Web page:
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Practice Management > Building Your Business

Why Your Advisory Practice Shouldn’t Be Your ATM

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Some things have to be said repeatedly for them to sink in.  So, let’s go over one important item, again — actions that owner advisors need to avoid to run their business as a successful and growing business.

Specifically, let’s look at the practice of treating your firm like a personal ATM/loan department.

If you have never tinkered with the amount of money that you take out of the business to cover some personal expenditures, you can move on. But I’m betting that’s not the case for most advisors.

It may not seem like “a big deal,” but it is. How do you think Microsoft shareholders would have felt if quarterly profits tanked because Bill Gates took out a bit of cash to buy, say, Hawaii?

Since your firm probably isn’t as big as Microsoft, the impact of your fluctuating personal cash flow likely will have a negative effect on your business, so this action needs to be addressed.

To help owner advisors tackle this behavior and embrace possible solutions, I suggest they have  a heart-to-heart conversation with themselves about where they want their businesses to go.

Advisors essentially have two choices:

Choice One: Build a so-called “cash flow” business in which you keep expenses as low as possible and attract a sufficient number of clients to generate enough revenues to support you and your family in your desired lifestyle.

Choice Two: Set out to build a much larger business with more employees and higher overhead, serving more clients and generating substantially more revenues.

From an owner’s perspective, Choice Two means owners must reinvest a substantial portion of the profits generated by the business. In other words,  every dime an owner takes home, or takes out of the business, will reduce his or her chances of reaching the goal of the business.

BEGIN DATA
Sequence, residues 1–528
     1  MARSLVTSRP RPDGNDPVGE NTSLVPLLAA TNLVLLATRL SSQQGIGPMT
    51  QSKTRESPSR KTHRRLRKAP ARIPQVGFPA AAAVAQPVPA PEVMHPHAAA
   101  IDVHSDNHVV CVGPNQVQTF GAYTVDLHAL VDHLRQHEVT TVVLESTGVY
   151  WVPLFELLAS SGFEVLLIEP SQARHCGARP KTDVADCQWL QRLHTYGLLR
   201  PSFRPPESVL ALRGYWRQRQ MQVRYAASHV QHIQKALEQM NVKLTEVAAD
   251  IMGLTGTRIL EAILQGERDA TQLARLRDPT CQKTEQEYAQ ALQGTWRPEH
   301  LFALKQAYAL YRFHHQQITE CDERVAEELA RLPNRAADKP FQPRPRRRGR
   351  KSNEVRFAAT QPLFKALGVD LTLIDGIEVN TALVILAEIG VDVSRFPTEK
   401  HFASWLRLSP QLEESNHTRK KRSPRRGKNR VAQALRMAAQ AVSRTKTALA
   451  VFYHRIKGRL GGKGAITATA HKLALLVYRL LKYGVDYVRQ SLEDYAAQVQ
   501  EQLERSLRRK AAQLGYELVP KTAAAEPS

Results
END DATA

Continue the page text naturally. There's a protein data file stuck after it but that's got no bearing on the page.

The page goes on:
Typically, because the initial costs to grow an advisory firm are relatively low in the first years, most firm owners can get by without much fiscal discipline when starting out.

But when their businesses reach  $1 million or so in revenue, and the dollars get larger on both sides of the balance sheet, firm owners have to get serious about growing their businesses.

To help firm owners make what is almost always a difficult  mental adjustment, they must shift their focus from taking money home to (instead) increasing the value of the business. In the end, they’ll probably  make more money from selling the business. But capping what they take home between now and then won’t be easy.

Make this mind shift: Separate the cash flow of your business from your personal life, and learn to live within your personal cash flow, not the business cash flow.

If you don’t have a financial advisor, hire one. (If you tell your clients the value of financial advice and don’t have your own advisor, what are you really saying? There is a reason why attorneys don’t usually represent themselves.)

Next, pay close attention to your firm’s balance sheet. By monitoring the growth or decline of your assets — partners, employees, clients and cash reserves — and liabilities, you can keep a good handle on the direction of the business.

Also, pay special attention to your liquidity. These resources will be needed to finance future growth, so don’t use them as your ATM.


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